Serbia 0-1 Ghana: Victory handed to Ghana, but they deserved the win

June 13, 2010

Serbian indiscipline played a large part in the scoreline, but Ghana were by far the better side and deserved their victory. Their performance was a continuation of their Africa Cup of Nations tactics – defend solidly, cautiously counter-attack, rely on Asamoah Gyan for goals.

Serbia’s side, in a 4-4-2 shape, was as expected, with Aleksandar Kolarov in at left-back the one slight question mark about personnel going into the game.

Ghana played their usual system – a 4-3-3, 4-1-4-1 or 4-4-1-1 depending on how you want to interpret it. Anthony Annan, the tough-tackling holding midfielder sat ahead of the defence and got a lot of time on the ball, whilst the midfielders looked to play short, quick passes and link with Gyan when attacking.

Ghana extra man crucial

The extra man in central midfield was essentially the crucial part of the tactical battle. Serbia’s two strikers played high up the pitch – Marko Pantelic sometimes moved to the left-hand side and Nikola Zigic chased the ball when it was lost, but they rarely looked to move towards the ball, instead looking to receive long passes from the full-backs.

Ghana not only had an extra man in midfield, they also utilized him well, playing short neat passes and forming triangles on the flanks to play around Serbia’s wide players. Although Ghana did look to counter-attack by playing the ball to the attacking three, they were intelligent enough to vary their approach when a counter wasn’t available. Rather than going down blind alleys and losing possession, they instead were happy to keep the ball in midfield,and therefore were able to dictate the tempo of the game.

Serbia passing wayward

Serbia’s approach was slightly disappointing considering they had been tipped by so many as dark horses. They continually hit huge passes from the defence to the forward two (and sometimes the wingers when they became advanced), which rarely succeeded – perhaps partially because of the Jabulani ball which appears to be causing all sides problems with their long-range passing.

Because Serbia had a numerical disadvantage in midfield, in theory this was probably the right thing to do – Ghana were getting nine men behind the ball and were excellently organised, with the two midfielders doing battle with Dejan Stankovic and Nenad Milijas, and Annan sweeping up behind.

In practice, however, it didn’t help Serbia. They continually gave the ball away cheaply and were prone to counter-attacks with neither Milijas or Stankovic really playing a holding role. It also meant the technical quality in midfield was bypassed; Milan Jovanovic and Milos Krasic will be disappointed with their performances, but in truth they were rarely receiving the ball where they wanted it, to feet on the flanks.

Kolarov and Ivanovic fail to support midfield

The discipline of Ghana’s wingers and the nature of Serbia’s long ball game also made it difficult for Kolarov and Branislav Ivanovic to become involved in build-up play – Ivanovic is a reluctant full-back but should have been used more. Kolarov looked to moved into attacking positions – which works quite well as Aleksandar Lukovic can play at left-back and so is happy covering on the flank, but Kolarov rarely influenced the game in the attacking third – which is unlike him.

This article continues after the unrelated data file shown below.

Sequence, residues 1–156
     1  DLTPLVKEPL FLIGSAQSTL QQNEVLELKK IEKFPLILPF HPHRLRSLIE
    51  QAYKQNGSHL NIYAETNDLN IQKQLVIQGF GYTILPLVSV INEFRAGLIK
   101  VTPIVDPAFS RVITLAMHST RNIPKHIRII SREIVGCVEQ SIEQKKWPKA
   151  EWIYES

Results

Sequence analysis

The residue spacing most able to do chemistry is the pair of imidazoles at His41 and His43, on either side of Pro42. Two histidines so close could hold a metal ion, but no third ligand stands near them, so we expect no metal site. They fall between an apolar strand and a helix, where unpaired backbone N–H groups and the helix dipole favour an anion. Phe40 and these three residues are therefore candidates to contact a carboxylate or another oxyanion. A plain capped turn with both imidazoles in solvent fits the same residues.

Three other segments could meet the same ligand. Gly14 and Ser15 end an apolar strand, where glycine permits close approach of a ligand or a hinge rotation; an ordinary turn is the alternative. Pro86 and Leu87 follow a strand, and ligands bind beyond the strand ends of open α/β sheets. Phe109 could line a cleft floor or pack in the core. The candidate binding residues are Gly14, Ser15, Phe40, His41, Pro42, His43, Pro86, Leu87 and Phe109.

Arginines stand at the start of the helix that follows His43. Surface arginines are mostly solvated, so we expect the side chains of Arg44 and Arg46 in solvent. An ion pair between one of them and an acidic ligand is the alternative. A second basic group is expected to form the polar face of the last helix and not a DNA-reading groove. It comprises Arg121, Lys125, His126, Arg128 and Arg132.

Again, the extra man in midfield was a good insurance policy if Kolarov got past Prince Tage – Kwadwo Asamoah could move out to the flank to confront him, and Kevin Prince Boateng and Annan would cover in the centre, still 2 v 2 against Serbia’s midfield. Neither Milijas or Stankovic looked to break into the box, and therefore Ghana were never really in danger either from the flanks, or through the middle.

Raddy Antic clearly decided that the midfielder partnership wasn’t working, and brought on Zdravko Kuzmanovic to try and get the ball moving in a more intelligent manner. Serbia did start to impose themselves more on the game, having more possession in the second half, but it was Kuzmanovic who eventually gave away the needless, crucial penalty.┬áIn the meantime Lukovic had been dismissed for a cynical challenge, and Serbia’s defence did look slightly prone to counter-attacks – they were lucky not to give away more free-kicks by breaking up counter-attacks with rash tackles.

Gyan the man

Ghana’s use of one man upfront meant they struggled to make too many clear-cut chances, but Gyan’s intelligent running into the channels did cause a constant threat to the Serbia defence. Ghana only had three shots on target, and they all came from the Rennes striker. He also hit the post twice – once from a near post header on the right, once from a low shot from the left. Lone strikers need to be able to cause a nuisance to both centre-backs, and Gyan does that excellently.


Overall, it was an nice summary of why 4-5-1 / 4-3-3 formations often get the better of 4-4-2s. Ghana were able to dominate the centre of midfield and control the tempo, whilst their wingers kept Serbia’s full-backs out of the game. They relied heavily upon Gyan for an attacking threat, but with their defence looking relatively secure, one goal was enough – even if it was gifted to them by Kuzmanovic.

Serbia were extremely disappointing and their long balls were gratefully headed away by John Mensah and Isaac Vorsah. They played better in the second half when their approach play was more intelligent and they started to draw Ghana’s defenders out of position. Taking Zigic off and putting on Danko Lazovic switched Serbia to 4-2-3-1 and they looked more confident, even when they went down to ten men, they played better football with 4-2-3-1 than 4-4-2, and it wouldn’t be a surprise to see Antic start the next game – a tough contest against Germany – with this shape.

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